I've ridden better roads (marginally) and inhaled scenery more astoundingly beautiful (also marginally so) but in all the places I've been, I have never met kinder, more helpful, generous, interesting, friendly people than those in Nova Scotia. Hell, I don't even LIKE people, but everywhere we stopped, we made a new friend or three. From directions to the best roads, tips on good eats, and even bike repair (the Honda had its share of issues) we encountered Good People. Though the guys who owned the campground at Meat Cove tricked us into helping them move a giant satellite dish and bummed all our American cigarettes...

Happy Trails,

Jim B.
Grove City, OH
2013 DL650A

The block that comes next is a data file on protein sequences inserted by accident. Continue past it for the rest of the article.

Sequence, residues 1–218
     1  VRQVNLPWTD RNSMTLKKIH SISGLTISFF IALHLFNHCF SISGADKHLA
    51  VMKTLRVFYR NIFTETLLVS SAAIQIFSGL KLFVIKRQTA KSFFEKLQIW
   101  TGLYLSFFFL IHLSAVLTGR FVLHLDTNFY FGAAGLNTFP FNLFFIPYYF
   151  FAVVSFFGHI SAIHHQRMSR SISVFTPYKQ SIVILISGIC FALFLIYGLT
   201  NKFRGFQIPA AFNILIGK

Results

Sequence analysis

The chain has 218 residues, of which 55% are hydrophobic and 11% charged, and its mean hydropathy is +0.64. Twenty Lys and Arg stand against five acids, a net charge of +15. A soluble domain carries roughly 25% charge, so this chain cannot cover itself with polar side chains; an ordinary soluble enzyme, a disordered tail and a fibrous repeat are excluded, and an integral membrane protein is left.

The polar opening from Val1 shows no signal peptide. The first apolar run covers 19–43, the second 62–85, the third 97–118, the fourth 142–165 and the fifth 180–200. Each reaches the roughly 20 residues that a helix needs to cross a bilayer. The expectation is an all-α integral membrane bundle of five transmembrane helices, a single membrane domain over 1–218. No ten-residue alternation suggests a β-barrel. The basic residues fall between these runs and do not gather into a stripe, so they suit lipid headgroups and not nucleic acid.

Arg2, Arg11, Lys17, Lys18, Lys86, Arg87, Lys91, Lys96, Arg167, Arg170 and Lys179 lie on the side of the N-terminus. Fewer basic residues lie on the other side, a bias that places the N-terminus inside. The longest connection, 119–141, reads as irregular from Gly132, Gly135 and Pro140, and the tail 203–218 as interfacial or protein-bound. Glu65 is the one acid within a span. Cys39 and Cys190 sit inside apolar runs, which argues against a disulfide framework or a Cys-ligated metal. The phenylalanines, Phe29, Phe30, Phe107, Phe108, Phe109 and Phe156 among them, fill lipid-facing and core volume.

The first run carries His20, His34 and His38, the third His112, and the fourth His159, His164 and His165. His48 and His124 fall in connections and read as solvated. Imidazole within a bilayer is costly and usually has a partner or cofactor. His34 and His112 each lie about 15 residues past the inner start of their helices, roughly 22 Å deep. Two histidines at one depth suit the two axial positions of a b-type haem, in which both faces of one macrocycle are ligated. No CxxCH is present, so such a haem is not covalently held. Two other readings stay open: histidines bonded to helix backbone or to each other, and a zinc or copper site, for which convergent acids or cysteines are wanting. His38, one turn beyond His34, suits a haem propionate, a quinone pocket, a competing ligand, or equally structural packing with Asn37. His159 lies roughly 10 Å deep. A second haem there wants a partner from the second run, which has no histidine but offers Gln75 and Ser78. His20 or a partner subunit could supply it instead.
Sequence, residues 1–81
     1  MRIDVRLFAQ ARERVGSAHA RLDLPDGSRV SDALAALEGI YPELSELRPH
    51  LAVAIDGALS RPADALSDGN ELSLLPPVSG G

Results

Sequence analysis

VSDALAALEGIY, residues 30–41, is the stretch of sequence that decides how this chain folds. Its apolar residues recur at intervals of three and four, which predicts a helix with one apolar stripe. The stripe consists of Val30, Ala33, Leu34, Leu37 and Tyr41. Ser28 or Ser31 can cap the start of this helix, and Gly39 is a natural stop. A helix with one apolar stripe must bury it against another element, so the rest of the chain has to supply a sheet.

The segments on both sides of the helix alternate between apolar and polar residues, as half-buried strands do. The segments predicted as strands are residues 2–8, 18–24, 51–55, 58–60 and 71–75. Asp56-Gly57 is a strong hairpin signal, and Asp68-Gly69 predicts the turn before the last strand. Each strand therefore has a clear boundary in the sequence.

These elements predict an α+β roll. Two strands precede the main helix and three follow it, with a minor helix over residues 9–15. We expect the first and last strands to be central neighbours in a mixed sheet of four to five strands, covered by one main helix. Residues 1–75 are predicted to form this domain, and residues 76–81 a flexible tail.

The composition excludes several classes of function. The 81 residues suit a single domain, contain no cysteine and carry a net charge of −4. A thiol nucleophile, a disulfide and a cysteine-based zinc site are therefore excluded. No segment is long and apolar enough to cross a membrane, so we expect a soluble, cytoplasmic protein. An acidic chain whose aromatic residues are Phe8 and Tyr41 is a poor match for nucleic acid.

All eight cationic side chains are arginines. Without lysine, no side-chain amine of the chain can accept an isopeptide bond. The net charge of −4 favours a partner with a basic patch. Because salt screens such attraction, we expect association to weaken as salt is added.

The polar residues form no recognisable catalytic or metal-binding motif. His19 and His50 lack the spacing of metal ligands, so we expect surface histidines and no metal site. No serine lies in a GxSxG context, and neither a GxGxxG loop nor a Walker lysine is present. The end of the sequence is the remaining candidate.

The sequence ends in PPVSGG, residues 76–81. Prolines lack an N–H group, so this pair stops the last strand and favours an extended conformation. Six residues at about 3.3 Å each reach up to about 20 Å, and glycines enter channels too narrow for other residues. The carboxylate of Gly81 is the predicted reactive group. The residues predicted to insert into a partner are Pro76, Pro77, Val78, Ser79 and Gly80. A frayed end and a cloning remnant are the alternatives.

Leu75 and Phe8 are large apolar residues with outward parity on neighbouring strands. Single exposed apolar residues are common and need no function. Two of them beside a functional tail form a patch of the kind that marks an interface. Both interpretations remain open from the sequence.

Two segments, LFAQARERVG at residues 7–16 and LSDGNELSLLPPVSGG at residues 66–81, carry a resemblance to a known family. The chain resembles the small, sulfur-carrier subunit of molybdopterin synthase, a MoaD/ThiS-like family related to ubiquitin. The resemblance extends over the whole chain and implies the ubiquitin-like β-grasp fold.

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My brother and I took a 2 week trip up to Nova Scotia back in 1997. He was celebrating a divorce, I was celebrating getting a Real Job that included paid vacation time. We were debating destinations (from Ohio) and all the usual suspects either involved too much boring slab (Going out West) or would be filled with a plague of families in minivans (SE region/Smokies etc.) In those days, the "internet" was not exactly as helpful as it is now, so we were sitting at the table looking over a big map of the US. My brother says, "hey, look, you can ride all the way to Nova Scotia! For some reason I always thought it was an island." We learned that we could take a high speed ferry "The Cat" from Bar Harbor, and that was really the extent of our knowledge. We've both been back, separately, over the years, but this summer will mark 20 years since that trip, which ranks as the best ride EV-AR. So we're going back, this time with gadgets and electronics and fancier motorcycles (on that first trip, I had a BMW R80, bro had a ratty CB750).